Though McAllister’s Calgary-based residential cleaning business is only two years old, she’s quickly amassed an online #cleaningarmy of fans that spans Canada and the U.S. Much of that growth came when we all suddenly found ourselves locked down at home with little to do and a newfound appreciation for bleach. McAllister’s deep-cleaning tutorials and tips offer a way to keep busy (or, at the very least, soothed by the seeming ease with which she can transform the crustiest sink or grungiest floor).
Best of all, her hacks actually work, as proven by her followers who regularly share their own transformations. And you don’t need pricey professional supplies—so, if your local store is sold out of powdered Tide, you can blame McAllister (more on that in a second).
With a long winter ahead, we asked McAllister for her very best cleaning tips (spoiler alert: I tried them out and I’m completely hooked.) From how to tackle the (surprising) filthiest spot in most homes to her trick for way easier toilet-cleaning, she spilled all of her not-so-dirty secrets.
Of all the cleaning products that McAllister has tried, she keeps returning to the same thing both her mom and grandmother swore by: a box of classic Tide Powder Laundry Detergent. “It works great on floors, walls, baseboards, even bathtubs—you can scrub it into a paste and it takes soap scum off,” she explains. “It’s so versatile; it’s really just magic.”
The combination of surfactants (the sudsy stuff that helps release dirt), enzymes (proteins that break down stains) and the gritty texture make for a powerful cleaner for almost any hard surface (and of course, your laundry itself). Whether you’re scrubbing out the inside of your fridge or mopping your hardwood, McAllister recommends filling your sink or a bucket with hot water and adding one teaspoon of powdered Tide.
If you want to kick your Tide and hot water up a notch, mix in McAllister’s other trusty staple: bleach. She concedes that many of her followers feel uneasy using bleach but swears by it for disinfecting areas that get especially germy: bathrooms, doorknobs, garbage cans. “After you use it once, you’ll say, ‘Okay, this isn’t so bad,’” she promises.
McAllister dilutes the bleach with her trademark recipe (do not mix bleach with anything else, she urges—bleach can form a dangerous gas if mixed with other products, particularly those containing ammonia):
Wear old clothes, rubber gloves and open the windows as you work.
“Laundry machines are generally the worst,” says McAllister. “It’s always the places that we put things to get clean that we don’t think about cleaning.” She adds that the always-wet environment sets the stage for bacteria, mold and bad smells.
Most people with front-loading washing machines are unaware that there’s a filter they’re supposed to clean monthly, says McAllister. “The filter usually has about $40 in change, baby socks, slime and mould.” Google your serial number for specifics, but typically, there’s a small trap door on the front of the washer (or if you have a top loader, there’s likely a filter in the agitator that you can access). Inside, you’ll find a black hose that you can unplug over a large bowl to drain the (stinky!) water. Then, unscrew the filter and wash it with bleach and water—skip the Tide here so things don’t get foamy. Once you’re done, put everything back very tightly to avoid leaks.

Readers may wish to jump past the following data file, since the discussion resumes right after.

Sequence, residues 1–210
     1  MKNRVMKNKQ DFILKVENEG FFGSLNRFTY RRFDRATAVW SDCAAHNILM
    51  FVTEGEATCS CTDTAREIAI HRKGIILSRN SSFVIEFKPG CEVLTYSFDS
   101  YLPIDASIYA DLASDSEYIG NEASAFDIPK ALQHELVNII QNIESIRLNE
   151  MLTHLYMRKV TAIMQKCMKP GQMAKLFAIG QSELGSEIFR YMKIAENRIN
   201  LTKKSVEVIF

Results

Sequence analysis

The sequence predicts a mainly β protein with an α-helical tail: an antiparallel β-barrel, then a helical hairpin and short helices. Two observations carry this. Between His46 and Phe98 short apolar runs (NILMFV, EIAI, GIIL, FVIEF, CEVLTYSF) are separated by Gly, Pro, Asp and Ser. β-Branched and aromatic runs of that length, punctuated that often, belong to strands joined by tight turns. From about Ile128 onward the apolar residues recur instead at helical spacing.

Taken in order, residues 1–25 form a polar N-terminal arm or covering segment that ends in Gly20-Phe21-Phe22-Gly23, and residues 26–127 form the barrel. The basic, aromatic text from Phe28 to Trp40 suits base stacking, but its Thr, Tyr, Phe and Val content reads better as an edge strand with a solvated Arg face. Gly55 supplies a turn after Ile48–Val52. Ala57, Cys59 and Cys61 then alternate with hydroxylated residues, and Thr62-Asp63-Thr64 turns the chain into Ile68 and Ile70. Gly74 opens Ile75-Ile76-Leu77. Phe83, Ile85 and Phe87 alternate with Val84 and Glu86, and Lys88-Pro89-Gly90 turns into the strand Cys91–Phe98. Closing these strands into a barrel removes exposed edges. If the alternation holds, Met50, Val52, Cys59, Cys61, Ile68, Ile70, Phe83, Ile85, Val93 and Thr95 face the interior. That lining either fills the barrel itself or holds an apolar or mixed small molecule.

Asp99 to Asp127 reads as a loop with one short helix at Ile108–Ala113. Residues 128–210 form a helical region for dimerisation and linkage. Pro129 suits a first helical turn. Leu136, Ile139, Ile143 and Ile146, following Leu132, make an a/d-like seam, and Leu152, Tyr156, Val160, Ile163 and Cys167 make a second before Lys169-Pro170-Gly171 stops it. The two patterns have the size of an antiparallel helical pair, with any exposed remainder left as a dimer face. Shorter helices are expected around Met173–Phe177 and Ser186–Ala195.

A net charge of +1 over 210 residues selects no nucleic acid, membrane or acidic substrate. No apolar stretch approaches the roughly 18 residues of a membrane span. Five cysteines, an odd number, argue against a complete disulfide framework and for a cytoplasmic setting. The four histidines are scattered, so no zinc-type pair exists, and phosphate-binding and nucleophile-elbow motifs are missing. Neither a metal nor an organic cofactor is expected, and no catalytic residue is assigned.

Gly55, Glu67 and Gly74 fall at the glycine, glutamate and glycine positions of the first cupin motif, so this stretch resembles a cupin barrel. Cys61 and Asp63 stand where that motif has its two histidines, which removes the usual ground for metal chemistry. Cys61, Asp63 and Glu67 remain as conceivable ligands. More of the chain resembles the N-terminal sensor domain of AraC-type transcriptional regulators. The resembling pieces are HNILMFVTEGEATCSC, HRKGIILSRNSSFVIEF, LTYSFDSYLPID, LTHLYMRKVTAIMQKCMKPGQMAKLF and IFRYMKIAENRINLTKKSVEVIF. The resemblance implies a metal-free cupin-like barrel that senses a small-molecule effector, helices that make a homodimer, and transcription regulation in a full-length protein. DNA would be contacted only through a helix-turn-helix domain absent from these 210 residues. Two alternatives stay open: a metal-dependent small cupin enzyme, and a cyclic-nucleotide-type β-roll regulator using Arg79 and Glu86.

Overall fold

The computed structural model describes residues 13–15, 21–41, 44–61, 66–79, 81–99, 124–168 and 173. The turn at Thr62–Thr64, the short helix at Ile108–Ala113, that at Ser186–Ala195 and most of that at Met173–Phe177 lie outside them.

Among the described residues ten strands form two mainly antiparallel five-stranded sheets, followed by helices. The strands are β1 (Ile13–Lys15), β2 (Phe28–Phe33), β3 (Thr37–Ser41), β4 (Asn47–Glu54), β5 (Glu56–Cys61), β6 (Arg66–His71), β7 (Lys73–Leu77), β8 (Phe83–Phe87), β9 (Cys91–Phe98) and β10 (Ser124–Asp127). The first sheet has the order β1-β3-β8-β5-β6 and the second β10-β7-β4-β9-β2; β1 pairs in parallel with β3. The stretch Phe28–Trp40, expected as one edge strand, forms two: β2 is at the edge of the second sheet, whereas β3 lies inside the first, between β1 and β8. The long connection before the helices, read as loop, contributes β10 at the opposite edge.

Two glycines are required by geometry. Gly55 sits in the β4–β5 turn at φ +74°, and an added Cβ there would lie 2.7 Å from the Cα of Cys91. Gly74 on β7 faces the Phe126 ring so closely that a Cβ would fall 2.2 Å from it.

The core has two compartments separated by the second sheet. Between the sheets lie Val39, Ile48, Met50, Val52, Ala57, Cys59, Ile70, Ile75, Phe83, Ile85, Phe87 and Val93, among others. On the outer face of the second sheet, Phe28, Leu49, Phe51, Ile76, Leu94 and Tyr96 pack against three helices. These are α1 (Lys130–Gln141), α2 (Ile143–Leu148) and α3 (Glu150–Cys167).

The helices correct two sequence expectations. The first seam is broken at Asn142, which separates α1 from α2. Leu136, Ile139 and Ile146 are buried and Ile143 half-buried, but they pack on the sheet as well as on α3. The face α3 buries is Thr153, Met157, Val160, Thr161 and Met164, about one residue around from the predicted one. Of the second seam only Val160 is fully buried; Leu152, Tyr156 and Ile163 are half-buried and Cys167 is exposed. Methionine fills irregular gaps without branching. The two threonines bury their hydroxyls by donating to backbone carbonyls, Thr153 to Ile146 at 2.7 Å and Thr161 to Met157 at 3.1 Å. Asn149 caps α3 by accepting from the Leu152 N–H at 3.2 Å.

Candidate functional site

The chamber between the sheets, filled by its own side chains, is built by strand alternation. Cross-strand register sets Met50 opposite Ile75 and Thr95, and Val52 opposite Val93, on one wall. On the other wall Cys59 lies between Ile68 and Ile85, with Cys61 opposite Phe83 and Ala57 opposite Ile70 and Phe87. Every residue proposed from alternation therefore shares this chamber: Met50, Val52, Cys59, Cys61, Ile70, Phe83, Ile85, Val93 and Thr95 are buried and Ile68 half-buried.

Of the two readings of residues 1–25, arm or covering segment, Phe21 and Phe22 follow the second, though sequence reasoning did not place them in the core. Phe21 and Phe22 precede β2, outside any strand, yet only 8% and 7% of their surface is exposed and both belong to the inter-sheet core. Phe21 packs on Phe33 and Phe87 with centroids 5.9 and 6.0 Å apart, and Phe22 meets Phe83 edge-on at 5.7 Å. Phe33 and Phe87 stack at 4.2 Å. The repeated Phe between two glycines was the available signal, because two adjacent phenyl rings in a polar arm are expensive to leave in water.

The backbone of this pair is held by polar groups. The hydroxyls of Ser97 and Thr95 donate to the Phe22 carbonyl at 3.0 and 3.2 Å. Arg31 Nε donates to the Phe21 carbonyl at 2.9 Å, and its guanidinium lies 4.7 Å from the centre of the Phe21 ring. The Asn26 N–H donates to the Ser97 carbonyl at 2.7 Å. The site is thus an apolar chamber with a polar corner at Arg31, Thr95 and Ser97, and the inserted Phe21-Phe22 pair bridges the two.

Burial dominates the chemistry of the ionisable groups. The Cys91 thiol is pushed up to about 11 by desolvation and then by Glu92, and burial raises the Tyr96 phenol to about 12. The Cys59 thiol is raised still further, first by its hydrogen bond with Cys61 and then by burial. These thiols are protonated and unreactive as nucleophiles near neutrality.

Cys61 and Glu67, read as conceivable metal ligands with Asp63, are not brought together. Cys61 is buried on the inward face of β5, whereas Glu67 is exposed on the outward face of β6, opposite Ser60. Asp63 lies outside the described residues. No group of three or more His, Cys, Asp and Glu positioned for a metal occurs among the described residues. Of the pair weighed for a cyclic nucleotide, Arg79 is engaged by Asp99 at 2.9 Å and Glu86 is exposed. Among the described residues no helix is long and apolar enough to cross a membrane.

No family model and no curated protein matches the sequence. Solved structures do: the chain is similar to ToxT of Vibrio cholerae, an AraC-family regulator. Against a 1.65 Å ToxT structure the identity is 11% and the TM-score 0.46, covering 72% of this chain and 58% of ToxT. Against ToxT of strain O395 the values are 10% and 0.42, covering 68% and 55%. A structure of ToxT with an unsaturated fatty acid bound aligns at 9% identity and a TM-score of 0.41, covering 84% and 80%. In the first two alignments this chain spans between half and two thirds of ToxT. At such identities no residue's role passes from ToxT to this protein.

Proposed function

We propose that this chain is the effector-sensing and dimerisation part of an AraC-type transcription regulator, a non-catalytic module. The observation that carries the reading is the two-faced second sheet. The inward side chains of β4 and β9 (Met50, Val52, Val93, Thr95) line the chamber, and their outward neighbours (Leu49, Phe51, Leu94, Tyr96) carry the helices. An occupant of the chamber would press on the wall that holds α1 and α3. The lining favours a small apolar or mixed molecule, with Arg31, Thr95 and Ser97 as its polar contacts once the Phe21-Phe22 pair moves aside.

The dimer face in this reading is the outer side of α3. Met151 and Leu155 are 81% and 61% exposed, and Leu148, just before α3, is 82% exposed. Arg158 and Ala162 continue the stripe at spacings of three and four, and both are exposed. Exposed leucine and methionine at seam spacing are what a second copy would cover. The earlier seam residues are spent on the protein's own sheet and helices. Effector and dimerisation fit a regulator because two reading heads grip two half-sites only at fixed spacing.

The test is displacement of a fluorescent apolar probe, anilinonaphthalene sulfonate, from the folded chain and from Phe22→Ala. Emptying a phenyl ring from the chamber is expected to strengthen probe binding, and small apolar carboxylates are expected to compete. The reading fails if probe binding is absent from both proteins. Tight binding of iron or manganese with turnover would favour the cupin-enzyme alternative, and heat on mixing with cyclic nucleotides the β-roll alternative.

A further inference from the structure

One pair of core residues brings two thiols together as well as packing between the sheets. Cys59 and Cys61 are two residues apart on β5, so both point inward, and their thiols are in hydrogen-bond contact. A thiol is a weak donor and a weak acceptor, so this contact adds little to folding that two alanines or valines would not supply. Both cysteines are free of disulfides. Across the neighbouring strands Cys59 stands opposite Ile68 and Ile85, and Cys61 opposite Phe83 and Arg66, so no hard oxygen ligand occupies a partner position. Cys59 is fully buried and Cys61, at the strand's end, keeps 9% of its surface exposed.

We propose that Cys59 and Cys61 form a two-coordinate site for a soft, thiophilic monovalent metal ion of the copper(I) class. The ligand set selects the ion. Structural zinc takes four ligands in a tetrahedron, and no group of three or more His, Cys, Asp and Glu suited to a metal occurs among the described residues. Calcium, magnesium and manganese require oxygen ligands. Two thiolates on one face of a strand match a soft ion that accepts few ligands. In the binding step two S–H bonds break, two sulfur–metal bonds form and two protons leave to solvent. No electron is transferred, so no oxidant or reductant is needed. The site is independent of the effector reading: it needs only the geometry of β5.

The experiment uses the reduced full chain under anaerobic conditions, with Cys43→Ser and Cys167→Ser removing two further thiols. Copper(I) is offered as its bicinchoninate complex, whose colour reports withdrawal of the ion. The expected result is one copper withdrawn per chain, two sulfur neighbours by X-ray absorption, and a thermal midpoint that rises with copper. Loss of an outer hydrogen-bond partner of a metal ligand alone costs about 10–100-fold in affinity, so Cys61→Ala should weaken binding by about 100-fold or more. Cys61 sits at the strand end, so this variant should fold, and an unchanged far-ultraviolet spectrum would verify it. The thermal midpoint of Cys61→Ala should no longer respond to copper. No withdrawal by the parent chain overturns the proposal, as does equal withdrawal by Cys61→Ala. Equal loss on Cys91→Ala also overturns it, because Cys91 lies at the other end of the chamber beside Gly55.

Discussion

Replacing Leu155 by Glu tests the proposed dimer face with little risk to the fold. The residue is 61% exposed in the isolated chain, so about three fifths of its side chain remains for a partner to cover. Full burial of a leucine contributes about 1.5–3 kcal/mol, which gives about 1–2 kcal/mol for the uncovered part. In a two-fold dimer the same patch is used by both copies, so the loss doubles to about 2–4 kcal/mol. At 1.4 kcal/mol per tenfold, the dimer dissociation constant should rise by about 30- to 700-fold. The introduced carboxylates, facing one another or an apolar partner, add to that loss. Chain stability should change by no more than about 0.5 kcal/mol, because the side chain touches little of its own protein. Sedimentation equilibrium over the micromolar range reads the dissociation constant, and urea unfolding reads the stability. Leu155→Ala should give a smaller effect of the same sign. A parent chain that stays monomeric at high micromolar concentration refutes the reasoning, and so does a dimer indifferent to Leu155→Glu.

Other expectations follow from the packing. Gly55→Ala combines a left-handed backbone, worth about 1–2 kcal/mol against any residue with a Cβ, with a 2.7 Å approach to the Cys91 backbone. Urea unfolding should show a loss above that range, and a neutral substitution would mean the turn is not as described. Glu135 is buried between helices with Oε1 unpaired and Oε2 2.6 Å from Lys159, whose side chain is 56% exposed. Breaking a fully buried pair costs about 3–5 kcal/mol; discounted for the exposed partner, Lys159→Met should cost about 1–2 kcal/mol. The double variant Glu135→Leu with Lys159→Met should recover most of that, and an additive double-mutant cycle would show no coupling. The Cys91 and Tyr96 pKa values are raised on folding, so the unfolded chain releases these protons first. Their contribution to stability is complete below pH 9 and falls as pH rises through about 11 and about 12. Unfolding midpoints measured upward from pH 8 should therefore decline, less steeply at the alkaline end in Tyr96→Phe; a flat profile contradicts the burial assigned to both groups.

McAllister also recommends scrubbing the seals of your machine with straight bleach, running an empty cycle on hot and always leaving the door ajar between loads. “When there’s no air circulating and it doesn’t dry out, that’s when you have that smell.”
“If you go crazy spraying the back, top and u-bend of the toilet, you spray down hair and dust, which turns it into mud and creates way more work for yourself,” says McAllister. Instead, she goes in first with a horsehair brush attachment on her vacuum to suck everything up—all dry parts of her toilet, as well as her bathtub, baseboards, counters—so that she then just has to disinfect and remove stains afterwards.
She’s tested the method and found that it saves about 30 minutes of bathroom-cleaning each time. “It blows people’s minds,” she says. As for the vacuum brush itself, just dunk it in water and bleach afterwards then pop it on a vent to dry out.
Got time to kill at home? Tackle a deeply satisfying task with McAllister’s laundry stripping technique—one of her most-viral hacks ever. “When you think about how your shower and faucets get water spots and calcium and mineral buildup, that also happens with your clothing,” says McAllister, adding that fabric softener and laundry detergent are also culprits for residue.
It all translates to a loss of softness and absorbency. “I like to strip high-performance fabrics like towels, bedding and workout clothes,” says McAllister. “Workout clothes are always the grossest.” (She warns against stripping anything with a decal though, as it may come off.)
First, you’ll need to fill your bathtub about halfway with the hottest water you can and the items you want to strip. Then, mix in McAllister’s laundry-stripping recipe, which she shared from her The Cleaning Army Handbook: Laundry Guide ($19, bleachpraylove.com):
Let it soak for four hours, stirring every hour, and brace yourself for murky water. Once you’re done, use a bucket to move everything over to your washing machine and run a full cycle (without adding detergent) to rinse it all away.